IBM’s Watson supercomputing platform will now crunch consumer data.
Big Blue has whipped the curtain back from the IBM Watson Engagement Advisor, which it claims will help companies engage “in key functions such as customer service, marketing and sales.” In other words, Watson will mine through enormous datasets for insights into how consumers behave—not exactly a revolutionary use for Big Data technology, but one likely to gain more prominence in coming years as companies look to analytics as a way to increase their bottom lines.
IBM is also positioning Watson Engagement Advisor as a customer portal: the “Ask Watson” feature will allow consumers to pose questions about a product or troubleshoot issues. A significant portion of Watson’s development has focused on making sure the system can comprehend natural language; coupled with access to massive amounts of data and the ability to learn from past interactions, that potentially makes Watson a powerful tool for people who need answers quickly.
“Ask Watson” can potentially interact with customers via a chat window or even a mobile app, and draw from stored data to deliver answers tailored to individual needs. In that way, Watson could lessen the daily workload of human-staffed call centers (and their e-commerce equivalents).
IBM claims that Watson has become faster and smaller in the years since its original debut on television’s “Jeopardy!” game show (when the system learned a bit too much slang for its own good). That means the platform can run on hardware as small as IBM’s Power 750 server, which would definitely fit in most data centers.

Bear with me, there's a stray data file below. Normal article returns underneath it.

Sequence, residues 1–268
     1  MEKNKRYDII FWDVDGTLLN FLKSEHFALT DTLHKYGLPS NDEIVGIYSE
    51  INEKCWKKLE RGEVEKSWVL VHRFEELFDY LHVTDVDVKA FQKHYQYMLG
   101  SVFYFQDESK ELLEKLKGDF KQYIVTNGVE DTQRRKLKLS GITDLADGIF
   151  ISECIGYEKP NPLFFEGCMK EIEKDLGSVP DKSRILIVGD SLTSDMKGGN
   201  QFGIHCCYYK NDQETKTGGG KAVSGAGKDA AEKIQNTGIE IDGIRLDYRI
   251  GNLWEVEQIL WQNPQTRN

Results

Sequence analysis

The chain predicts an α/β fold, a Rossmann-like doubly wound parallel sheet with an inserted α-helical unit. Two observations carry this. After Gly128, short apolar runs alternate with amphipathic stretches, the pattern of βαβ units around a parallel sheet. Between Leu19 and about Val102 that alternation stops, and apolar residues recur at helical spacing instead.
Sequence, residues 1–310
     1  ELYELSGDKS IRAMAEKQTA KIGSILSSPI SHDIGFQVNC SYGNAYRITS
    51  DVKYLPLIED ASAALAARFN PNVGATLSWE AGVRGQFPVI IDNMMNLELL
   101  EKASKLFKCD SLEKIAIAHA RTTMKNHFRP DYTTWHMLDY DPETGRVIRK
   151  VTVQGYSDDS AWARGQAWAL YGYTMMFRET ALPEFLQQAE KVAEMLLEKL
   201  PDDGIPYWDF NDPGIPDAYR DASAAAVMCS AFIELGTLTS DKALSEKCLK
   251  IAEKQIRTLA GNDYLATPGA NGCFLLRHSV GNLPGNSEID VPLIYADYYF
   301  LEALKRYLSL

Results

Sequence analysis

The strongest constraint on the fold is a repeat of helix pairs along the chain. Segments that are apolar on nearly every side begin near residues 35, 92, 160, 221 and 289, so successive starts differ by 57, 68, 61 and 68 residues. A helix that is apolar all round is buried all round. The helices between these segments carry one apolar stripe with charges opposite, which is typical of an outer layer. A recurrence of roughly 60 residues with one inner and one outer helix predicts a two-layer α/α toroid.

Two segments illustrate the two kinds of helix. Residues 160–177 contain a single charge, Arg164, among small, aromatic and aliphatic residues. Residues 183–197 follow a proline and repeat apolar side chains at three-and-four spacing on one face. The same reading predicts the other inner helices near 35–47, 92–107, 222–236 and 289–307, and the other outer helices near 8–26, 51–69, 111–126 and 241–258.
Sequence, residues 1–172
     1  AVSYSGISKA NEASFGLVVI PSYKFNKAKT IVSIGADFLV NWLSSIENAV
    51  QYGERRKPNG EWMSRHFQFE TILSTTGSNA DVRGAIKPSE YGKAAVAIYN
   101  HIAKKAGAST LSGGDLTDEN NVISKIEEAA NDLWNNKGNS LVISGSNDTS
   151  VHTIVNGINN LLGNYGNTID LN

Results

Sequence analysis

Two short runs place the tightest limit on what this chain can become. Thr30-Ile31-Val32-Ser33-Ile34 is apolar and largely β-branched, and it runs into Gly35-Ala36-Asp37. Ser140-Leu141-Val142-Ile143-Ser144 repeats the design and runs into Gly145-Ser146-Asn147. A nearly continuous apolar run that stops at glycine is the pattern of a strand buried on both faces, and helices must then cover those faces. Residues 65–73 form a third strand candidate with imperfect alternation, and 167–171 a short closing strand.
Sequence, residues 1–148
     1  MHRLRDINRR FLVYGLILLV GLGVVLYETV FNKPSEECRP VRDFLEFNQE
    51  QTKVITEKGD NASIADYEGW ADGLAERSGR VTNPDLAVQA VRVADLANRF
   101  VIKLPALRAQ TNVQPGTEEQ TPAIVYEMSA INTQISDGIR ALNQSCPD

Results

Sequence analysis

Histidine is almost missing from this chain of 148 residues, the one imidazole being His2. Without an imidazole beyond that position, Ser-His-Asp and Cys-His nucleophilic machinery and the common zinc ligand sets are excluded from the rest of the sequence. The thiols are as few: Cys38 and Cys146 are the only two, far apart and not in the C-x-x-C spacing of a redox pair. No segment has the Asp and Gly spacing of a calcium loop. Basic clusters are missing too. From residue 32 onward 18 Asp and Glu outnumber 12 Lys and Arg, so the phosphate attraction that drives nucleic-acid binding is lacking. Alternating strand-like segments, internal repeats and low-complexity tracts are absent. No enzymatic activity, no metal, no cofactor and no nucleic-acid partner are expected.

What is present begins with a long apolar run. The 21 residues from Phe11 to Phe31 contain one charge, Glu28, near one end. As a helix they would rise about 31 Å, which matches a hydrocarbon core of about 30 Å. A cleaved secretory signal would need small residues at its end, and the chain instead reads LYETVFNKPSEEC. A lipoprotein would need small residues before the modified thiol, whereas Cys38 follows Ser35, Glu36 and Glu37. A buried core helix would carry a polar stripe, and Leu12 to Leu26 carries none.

Until the unveiling of the Watson Engagement Advisor, IBM seemed content to largely promote Watson as a game-show champion and healthcare tool. In February, the company joined with WellPoint and Memorial Sloan-Kettering Cancer Center in New York City to train Watson in processing and interpreting oncology data. As a part of that effort, clinicians and other human trainers spent nearly 15,000 hours “teaching” Watson how to interpret clinical information; they also fed the supercomputer more than 600,000 pieces of medical evidence, along with two million pages of text from 42 medical journals and clinical trials.
At the time, the Maine Center for Cancer Medicine and WESTMED Medical Group were apparently next in line to test the more oncology-minded Watson.
It takes several days—at least—to train Watson for new tasks, whether customer engagement or medical research. Watson’s “mind” must engage a combination of geospatial, statistical, and temporal reasoning; Dr. David Ferrucci, IBM Fellow and Principal Investigator for Watson, once gave a speech at the Future Health Technology Summit that breaks down in a little more detail how Watson reasons and learns from its data. Now, all that learning is going to be applied to the cause of commerce.